Whew, first blog-entry. Mark this day in your calendar with a red circle or cross, whichever you prefer, as the first time that I ever posted something here. Then keep it and give it to your children and let them give it to their children.
Long, by which I mean about five minutes, have I considered what on earth I could write about. I, as in, the guy who buys like, five games and then doesn't get to play any. Because I'd rather sit on my computer, dicking around on websites (such as this, with no remorse, though) or chatting with friends. I have games like Yakuza 2 and even Devil May Cry waiting for me. I'm somewhat half-way through with these and now they're just catching dust. What's even worse is that I also have Persona 4 waiting for me.
I bought that about a year ago.
I'm up to the last boss, the last challenge – spoiler-insecure bastard that I am myself, I won't say who or what it is – and it's just so frustrating to me. I don't know why I've smashed every other boss after no more than three tries and two or three days, and this final one just screws me right up the butte each time I try.
To be quite honest, I was indifferent to JRPG not too long ago. I didn't have any gaming-system that wasn't Nintendo and I never really was into RPG in general. When my friend first introduced me to Disgaea, that's when I started to feel slight opposition to the genre. I believe it was Disgaea 2. Seeing how in later parts of the game, damage-points in the 1,000s and 10,000 were possible, I started to understand that JRPG seemed pretty surreal and elitist for the most (though in retrospect, taking that fact to this conclusion is pretty fucking stupid. Not to mention that the Disgaea-games are still a great and incomparable franchise.)
HOLY SHIT I DID NOT SEE IT COMING.
The same friend introduced Persona 3 and 4 to me though, and I had fun with those (I only "borrowed" Persona 3 and didn't get too far, admittedly) but even playing those, I realized that JRPG are a special genre, if you will. They are, and some of you may beat me with a stick for that, "real games." Like, real games, only 100 times real.
That's how I feel. Allow me to make things even more incomprehensible.
I keep reading and agreeing to articles, especially here, that games are changing. Games are turning from what they used to be (Nerds playing, preferably alone, sometimes with friends) over what they are right now (Friends finding to each other and playing together, creating great memories; plus indie-developers leaving their little footprints in the industry and economy; plus those who play FIFA) to what we predict will be (something that other kinds of media are right now, e.g. movies, music, literature.)
And in this changing media, hopefully you'll understand me better now, I feel that JRPG-games are the kings of games. They really require effort, they really require dedication, they need you to know how to use a god-damned controller and a console; and at the same time they can be so simple – I look, especially, at Persona 4 and realize that it doesn't have a giant variety on the movement-animations of the characters or their facial expressions etc.. I see this and it reminds me of "those old games" back from the SNES-generation – sprites moving over your TV-screen, leaving you to imagine yourself what the scenario that is being explained visually and through text. That, I find to be one of the best ways of story-telling because it is simple, creates personal experiences in games for the player; but at the same time I imagine it to be the hardest of all tricks to pull off in a game.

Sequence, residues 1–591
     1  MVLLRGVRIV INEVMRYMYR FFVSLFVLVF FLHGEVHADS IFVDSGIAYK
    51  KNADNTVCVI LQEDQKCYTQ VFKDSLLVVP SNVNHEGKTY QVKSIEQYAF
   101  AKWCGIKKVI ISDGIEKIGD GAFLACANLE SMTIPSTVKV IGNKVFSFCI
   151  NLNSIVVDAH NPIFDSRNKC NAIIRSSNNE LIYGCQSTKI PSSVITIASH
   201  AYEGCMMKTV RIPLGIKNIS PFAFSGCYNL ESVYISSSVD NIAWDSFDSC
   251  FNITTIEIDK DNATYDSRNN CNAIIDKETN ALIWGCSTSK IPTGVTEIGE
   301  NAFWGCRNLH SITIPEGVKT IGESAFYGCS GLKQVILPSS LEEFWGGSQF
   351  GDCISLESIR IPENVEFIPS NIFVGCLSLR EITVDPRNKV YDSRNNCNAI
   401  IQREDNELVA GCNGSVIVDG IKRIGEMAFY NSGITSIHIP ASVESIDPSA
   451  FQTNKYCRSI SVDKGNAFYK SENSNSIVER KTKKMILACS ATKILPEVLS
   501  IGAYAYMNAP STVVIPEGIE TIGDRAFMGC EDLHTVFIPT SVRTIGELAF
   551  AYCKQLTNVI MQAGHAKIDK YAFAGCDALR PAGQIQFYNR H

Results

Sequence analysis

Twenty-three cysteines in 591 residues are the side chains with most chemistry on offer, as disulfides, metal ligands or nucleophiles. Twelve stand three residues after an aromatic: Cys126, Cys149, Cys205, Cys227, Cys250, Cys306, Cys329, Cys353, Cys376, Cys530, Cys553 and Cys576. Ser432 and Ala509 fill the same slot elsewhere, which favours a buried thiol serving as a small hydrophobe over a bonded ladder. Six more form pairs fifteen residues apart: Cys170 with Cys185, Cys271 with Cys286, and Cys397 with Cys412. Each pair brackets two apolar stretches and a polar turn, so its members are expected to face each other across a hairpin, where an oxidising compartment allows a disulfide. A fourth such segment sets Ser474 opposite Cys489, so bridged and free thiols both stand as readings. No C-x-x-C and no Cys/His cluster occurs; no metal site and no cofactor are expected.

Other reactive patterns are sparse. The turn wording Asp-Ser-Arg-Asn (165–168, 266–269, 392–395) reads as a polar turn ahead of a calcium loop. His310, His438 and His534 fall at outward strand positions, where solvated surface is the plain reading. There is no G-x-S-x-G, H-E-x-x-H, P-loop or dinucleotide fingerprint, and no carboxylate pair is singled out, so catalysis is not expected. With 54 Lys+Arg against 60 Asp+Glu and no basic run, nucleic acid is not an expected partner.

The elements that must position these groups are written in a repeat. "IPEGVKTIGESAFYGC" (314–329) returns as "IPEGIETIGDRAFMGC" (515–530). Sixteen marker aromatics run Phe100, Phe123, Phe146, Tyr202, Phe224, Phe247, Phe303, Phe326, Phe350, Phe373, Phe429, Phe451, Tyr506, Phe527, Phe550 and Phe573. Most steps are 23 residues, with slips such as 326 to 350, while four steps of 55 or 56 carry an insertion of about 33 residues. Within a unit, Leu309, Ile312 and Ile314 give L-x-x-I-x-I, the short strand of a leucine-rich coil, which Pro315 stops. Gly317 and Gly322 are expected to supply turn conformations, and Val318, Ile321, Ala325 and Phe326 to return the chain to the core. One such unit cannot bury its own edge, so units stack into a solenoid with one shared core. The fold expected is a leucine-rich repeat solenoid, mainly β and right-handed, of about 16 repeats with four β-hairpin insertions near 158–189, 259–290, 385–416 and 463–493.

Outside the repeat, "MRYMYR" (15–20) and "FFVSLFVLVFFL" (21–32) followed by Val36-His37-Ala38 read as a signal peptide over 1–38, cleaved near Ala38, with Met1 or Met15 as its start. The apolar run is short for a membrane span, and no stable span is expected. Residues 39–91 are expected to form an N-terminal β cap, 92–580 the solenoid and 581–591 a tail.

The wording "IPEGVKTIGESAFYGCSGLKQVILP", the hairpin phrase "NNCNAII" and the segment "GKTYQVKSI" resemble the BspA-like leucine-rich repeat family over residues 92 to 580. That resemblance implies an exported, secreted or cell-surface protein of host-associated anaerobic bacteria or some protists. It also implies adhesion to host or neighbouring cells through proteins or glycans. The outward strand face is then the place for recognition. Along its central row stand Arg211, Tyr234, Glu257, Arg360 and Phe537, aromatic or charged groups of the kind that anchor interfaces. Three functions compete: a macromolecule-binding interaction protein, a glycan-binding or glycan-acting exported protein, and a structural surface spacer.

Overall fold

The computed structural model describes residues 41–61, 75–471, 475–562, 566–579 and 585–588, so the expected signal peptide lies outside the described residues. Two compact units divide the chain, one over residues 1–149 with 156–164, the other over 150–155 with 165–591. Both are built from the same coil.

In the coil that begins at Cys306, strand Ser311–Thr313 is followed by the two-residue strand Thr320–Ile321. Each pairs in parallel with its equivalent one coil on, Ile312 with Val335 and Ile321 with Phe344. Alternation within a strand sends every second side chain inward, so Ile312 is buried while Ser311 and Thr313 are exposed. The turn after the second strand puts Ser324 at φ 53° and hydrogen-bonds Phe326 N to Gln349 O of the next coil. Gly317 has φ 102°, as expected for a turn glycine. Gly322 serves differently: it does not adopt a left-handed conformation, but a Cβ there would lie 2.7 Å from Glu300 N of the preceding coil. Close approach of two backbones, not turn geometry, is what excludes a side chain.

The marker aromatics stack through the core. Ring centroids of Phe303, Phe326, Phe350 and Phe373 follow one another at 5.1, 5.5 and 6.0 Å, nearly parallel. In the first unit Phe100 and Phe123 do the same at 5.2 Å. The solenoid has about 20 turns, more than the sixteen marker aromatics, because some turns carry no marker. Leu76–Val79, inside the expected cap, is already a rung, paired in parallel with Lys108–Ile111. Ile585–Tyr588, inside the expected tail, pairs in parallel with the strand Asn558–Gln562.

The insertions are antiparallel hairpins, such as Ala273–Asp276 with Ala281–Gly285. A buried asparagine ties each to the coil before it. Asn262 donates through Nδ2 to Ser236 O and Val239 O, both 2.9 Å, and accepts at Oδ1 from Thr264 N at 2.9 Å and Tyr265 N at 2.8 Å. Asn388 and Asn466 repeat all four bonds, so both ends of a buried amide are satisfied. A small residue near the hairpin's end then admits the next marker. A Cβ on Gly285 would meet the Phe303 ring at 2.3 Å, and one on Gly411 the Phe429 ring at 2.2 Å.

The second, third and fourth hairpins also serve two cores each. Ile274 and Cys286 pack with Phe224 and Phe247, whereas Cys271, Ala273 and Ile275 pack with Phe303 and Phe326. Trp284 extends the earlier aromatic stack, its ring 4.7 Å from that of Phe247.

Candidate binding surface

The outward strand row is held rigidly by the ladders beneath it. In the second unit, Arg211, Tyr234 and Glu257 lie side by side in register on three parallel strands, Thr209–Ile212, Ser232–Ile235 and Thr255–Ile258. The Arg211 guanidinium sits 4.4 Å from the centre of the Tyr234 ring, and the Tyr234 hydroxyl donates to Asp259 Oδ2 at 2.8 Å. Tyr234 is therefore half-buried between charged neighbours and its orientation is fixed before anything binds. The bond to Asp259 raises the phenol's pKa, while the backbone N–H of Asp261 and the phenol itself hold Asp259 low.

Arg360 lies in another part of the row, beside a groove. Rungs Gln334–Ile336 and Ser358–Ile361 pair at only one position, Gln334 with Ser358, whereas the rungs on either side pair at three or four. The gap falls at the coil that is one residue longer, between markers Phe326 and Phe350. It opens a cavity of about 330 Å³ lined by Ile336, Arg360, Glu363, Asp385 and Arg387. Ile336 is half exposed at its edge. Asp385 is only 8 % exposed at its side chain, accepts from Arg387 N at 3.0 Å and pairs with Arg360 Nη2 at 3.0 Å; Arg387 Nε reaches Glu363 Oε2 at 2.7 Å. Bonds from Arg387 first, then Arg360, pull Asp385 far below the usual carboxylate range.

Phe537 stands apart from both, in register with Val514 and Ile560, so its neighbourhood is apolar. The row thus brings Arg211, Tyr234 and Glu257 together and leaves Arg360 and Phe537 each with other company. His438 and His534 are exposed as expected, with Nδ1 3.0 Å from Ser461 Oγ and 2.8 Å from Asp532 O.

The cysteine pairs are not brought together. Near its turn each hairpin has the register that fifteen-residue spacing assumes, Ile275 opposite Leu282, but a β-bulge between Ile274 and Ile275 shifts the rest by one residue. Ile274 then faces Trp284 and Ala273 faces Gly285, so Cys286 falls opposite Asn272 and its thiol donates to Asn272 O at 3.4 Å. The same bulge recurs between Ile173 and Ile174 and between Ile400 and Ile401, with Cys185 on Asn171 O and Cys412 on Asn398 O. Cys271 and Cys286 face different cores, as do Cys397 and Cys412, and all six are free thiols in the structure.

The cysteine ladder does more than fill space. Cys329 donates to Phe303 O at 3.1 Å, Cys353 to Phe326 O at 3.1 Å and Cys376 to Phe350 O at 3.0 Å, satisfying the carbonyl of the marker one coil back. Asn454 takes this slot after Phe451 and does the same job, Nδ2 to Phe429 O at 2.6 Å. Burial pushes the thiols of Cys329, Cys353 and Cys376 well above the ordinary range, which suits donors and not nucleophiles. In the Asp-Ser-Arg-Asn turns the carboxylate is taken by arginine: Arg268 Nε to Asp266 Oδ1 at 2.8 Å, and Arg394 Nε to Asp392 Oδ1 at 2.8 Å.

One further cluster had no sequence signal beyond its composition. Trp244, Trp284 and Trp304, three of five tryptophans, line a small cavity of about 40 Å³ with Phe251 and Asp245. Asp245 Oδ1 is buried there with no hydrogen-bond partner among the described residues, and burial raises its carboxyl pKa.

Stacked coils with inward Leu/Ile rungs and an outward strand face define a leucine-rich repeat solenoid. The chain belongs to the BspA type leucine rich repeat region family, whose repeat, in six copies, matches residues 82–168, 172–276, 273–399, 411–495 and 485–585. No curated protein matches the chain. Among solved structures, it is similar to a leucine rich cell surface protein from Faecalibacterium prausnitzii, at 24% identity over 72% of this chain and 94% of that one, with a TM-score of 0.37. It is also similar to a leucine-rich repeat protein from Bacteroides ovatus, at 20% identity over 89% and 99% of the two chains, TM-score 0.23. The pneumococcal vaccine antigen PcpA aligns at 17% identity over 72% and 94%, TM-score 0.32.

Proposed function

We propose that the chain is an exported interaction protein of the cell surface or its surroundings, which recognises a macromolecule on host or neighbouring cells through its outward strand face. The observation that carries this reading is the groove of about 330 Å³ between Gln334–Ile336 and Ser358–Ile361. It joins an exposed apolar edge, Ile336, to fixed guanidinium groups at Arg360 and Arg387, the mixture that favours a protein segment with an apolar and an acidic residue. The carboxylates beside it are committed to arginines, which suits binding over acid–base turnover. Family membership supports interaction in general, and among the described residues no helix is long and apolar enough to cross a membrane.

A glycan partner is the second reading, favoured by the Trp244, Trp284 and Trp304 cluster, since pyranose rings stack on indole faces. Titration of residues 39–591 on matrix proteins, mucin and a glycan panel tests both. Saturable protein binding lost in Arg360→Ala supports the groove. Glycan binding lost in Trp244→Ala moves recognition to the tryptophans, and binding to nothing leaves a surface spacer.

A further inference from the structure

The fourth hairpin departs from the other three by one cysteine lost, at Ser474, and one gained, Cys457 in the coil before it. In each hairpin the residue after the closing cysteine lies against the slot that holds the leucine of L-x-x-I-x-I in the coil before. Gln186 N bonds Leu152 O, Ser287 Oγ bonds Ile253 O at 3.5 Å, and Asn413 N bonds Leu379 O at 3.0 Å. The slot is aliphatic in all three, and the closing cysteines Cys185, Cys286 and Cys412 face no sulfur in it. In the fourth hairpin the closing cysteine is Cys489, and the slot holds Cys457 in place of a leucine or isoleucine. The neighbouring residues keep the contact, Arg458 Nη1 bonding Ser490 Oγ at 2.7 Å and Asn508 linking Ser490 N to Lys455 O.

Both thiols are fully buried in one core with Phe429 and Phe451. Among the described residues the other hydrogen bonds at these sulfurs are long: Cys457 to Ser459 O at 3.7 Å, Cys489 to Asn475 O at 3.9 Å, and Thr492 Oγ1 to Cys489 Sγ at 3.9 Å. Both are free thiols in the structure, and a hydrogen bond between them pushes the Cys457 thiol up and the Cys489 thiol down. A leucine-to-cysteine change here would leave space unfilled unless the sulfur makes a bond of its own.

So I truly appreciate that in JRPG.
That said, swiftly change to something else: Grinding is, to me, the most idiotic aspect of JRPG.
I understand the concept of feeling and seeing how you get stronger through the game, it is indeed a very important aspect. And what I said is not quite right: I DO appreciate grinding, it's simply a part of JRPG (and RPG in general, for the most). But what I don't understand is: Why would I spend 40 of 60 hours gameplay with walking around in a dungeon, desperately looking for enemies to fight and level up and then going back to a place to heal yourself? How is that fun?
The friend who introduced me to Persona (and Shin Megami Tensei in general) told me how he was looking forward to Persona 3 Portable. Sure, so am I. One of his main-arguments, however, was that he was able to grind when he was outdoors, going to places and the such. And I'm not twisting his words or anything, he didn't say he looks forward to playing.
He said he's looking forward to grinding.
So, what is this? Working for games now? I don't get it. You youngsters and your RPG and your grindan and your MP3 and your baggy pants and your lolli pops.
But I shouldn't be leaving a bad taste in your mouth. In general, I do love JRPG – probably not as much as others, but that's not what matters, right? Buying a PS2 a year ago just for Persona 4 (at that time) was definitely a good thing. Finding out more about this genre did not only earn me experience in the fields of gaming but also created above-mentioned memories. And at the same time, it brought me closer to a few friends and even had me meet a new one, and I'm very grateful for that.
So yeah, I really don't know where I was going with this in the first place, I just wrote this up as I went. I also have no idea how to end his properly, so here's a photo I took in Prague. I fucking love Prague, you guys. Dreamy town and architecture, splendid cuisine and Staropramen is the
Be well. read